People who work in shelter are no strangers to pets left at their door step. It’s the job, and it is a hard one. However, Maggie Morris of Project Purr Animal Rescue was not quite prepared for what she was about to witness in the parking lot of her shelter one fine day.
A poor Pit Bull was strapped to a pole behind the facility. His bed and bowl are with him, along with a small bag of dog food.
“My initial reaction was, ‘Where was I going to keep the dog?’” Morris said. “I felt bad for the dog being left behind. I believe the person who left him really couldn’t keep him,but wanted him to get help. He was well-fed.”
It was unwise for Morris to take in the dog, who would later be named Ranger. After all, they were a cat shelter with about a hundred kitties in their care.
“We took some heat for not bringing the dog into our building, but we seriously have 90 to 100 free-range kitties and nowhere for a dog to go,” Morris said.
But she did not turn him away. Instead, she took photos of Ranger and posted them on Facebook to garner support!
Then, she made arrangements for Ranger to be transferred to the city shelter, and the shelter workers promised to take care of him.
Fortunately, Morris’ Facebook post of the Pit bull went viral. Word reached Ginny Leclair, an independent rescuer, who later on stepped up to help Ranger.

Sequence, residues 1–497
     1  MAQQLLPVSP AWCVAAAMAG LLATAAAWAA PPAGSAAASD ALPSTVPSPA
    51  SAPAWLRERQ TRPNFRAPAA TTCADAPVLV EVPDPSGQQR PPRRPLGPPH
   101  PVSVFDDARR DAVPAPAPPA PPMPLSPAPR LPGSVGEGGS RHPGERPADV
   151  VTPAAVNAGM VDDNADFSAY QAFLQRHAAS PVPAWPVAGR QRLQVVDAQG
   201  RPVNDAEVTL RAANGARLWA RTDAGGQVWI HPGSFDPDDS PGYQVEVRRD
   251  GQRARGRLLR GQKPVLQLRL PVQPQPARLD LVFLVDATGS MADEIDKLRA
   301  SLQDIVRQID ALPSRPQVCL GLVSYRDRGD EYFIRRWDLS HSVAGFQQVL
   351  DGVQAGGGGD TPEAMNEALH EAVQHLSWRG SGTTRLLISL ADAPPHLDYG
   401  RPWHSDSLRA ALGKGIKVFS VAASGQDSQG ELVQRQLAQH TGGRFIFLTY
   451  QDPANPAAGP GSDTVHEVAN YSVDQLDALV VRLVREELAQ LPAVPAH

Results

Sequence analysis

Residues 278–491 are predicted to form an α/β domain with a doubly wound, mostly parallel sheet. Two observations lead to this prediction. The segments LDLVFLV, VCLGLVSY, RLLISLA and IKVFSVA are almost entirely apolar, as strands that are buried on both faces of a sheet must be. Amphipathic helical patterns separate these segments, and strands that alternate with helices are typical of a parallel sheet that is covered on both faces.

She took Ranger in, but he proved to be a bit more stubborn than what she had expected.
This was Ranger when she was found outside the cat shelter, strapped to a pole.
“I had my doubts at first about his disposition and temperament,” Leclair said. “But on the third day, I was like, ‘Wait a minute. He needs a job. He needs to know who’s in charge.
”This is not one that you can be all cutesy with and baby talk with and feed him and he’ll be fine. Ranger needs to know, ‘Hey, I belong to you. You’re in charge of me. This is what we’re going to do.’”
Leclair provided all his needs physically and emotionally, and her efforts paid off!
“He’s doing so much better,” Leclair added. “He can now walk past other dogs without there being a fight. And he plays in the yard. He initiates play. I can take a toy from his mouth. I can take away his food dish. And I can take away his water while he’s drinking.”
Initially, Leclair wanted to just foster Ranger. But she fell in love with him and she’s keeping him! After all, who can take care of Ranger better than the person who trained him to be a better dog?
“His needs to belong,” she furthered. “He does his best to please you. And if you know what to ask of him and how to reward him, he’s right there by your side.”
May there be more dogs like Ranger who finds forever home.